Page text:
Points of departure

Submitted by jhwierenga on Tue, 08/21/2018 - 20:19

A universe from nothing

This site is dedicated to the proposition that the universe originated spontaneously from nothingness. Not a relative nothingness, consisting of a quantum soup plus natural law, as Lawrence Krauss suggests in his book “A Universe from Nothing”, but a nothingness devoid of matter, of space, of time, of natural law and even of mathematics. Absolute nothingness.

Admittedly, this proposition is not intuitively obvious. How can something arise out of nothing? But the alternatives are limited: either the universe originated from absolute nothingness, or it has always existed in some form or other. But then the question “Why has there always been something?” demands an answer, and that answer is inevitably more complex and therefore less credible than our proposition, as we show on this site.

Simplicity is the key. The simpler the explanation, the more credible it is, provided that it covers all the observations. And the more complicated something that has arisen spontaneously is, the more likely it is to have a simple explanation, as Darwin demonstrated. As Einstein said: “Everything should be as simple as it is, but not simpler”.

The QO and Big Bang initial states both favor QO concepts The simplest possible initial state

This site elaborates on the ‘universe from nothing’ proposition by suggesting that the initial state of the universe consisted of a single quantum, together with the rules that quantum systems obey. Anything simpler than that cannot generate a universe, whereas this initial state is quite capable of doing so. In fact, it can generate a universe by applying only behaviour that has been observed, as we show on this site. We do not need to invent new science, but only to understand and apply current science better.

Supposing that the universe originated spontaneously from nothingness, this initial state is by far the most credible account as to how that happened, because simpler things are more likely to pop out of nothingness than complicated things. Supposing that the universe has existed forever, the proposition that it was for a time in this initial state is also the most credible account for the current appearance of the universe, for essentially the same reasons. That makes the proposition that the universe at one time consisted of a single quantum plus the rules that quanta obey eminently credible. Provided, of course, that it can indeed account for all that we observe.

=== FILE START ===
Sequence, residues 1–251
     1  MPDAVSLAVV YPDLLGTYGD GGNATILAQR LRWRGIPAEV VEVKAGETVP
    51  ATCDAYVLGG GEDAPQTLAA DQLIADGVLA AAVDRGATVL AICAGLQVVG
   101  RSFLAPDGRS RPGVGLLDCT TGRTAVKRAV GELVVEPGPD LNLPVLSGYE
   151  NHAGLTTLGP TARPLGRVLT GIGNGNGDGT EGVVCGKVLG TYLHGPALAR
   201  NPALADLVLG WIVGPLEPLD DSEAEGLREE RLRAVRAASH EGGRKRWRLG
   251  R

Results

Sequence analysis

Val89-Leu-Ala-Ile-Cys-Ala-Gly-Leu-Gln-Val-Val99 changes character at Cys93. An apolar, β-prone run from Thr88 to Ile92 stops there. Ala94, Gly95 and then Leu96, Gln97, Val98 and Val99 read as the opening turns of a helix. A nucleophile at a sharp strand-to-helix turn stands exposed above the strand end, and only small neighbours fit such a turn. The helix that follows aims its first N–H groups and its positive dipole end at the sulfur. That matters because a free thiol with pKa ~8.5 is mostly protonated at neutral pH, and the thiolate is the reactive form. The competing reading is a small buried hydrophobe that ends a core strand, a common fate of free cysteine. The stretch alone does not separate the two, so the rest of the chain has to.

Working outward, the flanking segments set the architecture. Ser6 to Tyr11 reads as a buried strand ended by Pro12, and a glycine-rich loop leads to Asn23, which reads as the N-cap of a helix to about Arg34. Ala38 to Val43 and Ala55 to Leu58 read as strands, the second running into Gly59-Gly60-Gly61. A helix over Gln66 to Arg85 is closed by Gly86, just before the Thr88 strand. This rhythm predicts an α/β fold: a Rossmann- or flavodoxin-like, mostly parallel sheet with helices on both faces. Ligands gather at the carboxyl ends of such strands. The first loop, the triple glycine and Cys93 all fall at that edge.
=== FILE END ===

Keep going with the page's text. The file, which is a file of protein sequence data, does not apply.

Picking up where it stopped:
Everything consists of quanta

Given the initial state, it follows that everything that exists consists entirely of quanta. For if there is something that does not consist of quanta, then there must have been a first thing that did not consist entirely of quanta. How did it come into being, seeing that quantum mechanical processes are only ever observed to produce quanta, and nothing else? That would be a second miracle, after the miracle in which something came from nothing. A miracle is only credible if there is absolutely no alternative explanation, but in this case there is.

If everything consists of quanta, then space consists of quanta. On this site, we show how a theory of space quanta accounts for relativistic motion and gravity, and explains galactic rotation curves, galactic lensing and the expansion of the universe, among other things.

If everything consists of quanta, then non-physical things such as mathematics and the laws of the universe must also consist of quanta. To digest this, we must dispense with the prejudice that quanta are necessarily physical. It is a prejudice, because we have absolutely no evidence for it.

Because the principle that everything that exists consists of quanta is the only account of the universe which avoids the invocation of a second miracle, it is evidently eminently credible, regardless of whether the universe originated from nothing or has always been there.

Natural law is a quantum phenomenon

One of the cornerstones of quantum mechanics is the principle that a quantum system contains the same information only once. We see this principle in action in the phenomenon known as entanglement, but also in the Pauli exclusion principle, on which all chemistry is based, and the Standard Model, which is fundamental to our understanding of elementary particles.

We suggest that this principle also is at the basis of the operation of natural law. For example, the concept ‘electron’ consists of one or more quanta, and the information as to what it is and how it behaves therefore exists only once, just like the information as to how a computer program behaves exists only once in a computer system and is applied every time the program is activated. Natural law, in this sense, is the uniformity of behavior that ensues when quanta which embody a concept quantum (or quanta) follow the pattern of that concept.  

This conception of natural law requires no new science, just better application of the science we already have. There are, essentially, no alternative explanations. Modern science seeks only to document natural law, not to understand how it operates. The question as to what produces the uniformity in behaviour is not asked. Scientists accept that that is the way things are. But if we see a computer program respond in exactly the same way to similar information requests, we would not be satisfied with the answer that this is just the way things are, so why should this be acceptable from scientists? We must conclude that the principle that natural law is a quantum phenomenon is eminently credible, again regardless of whether the universe originated from nothing or has always been there.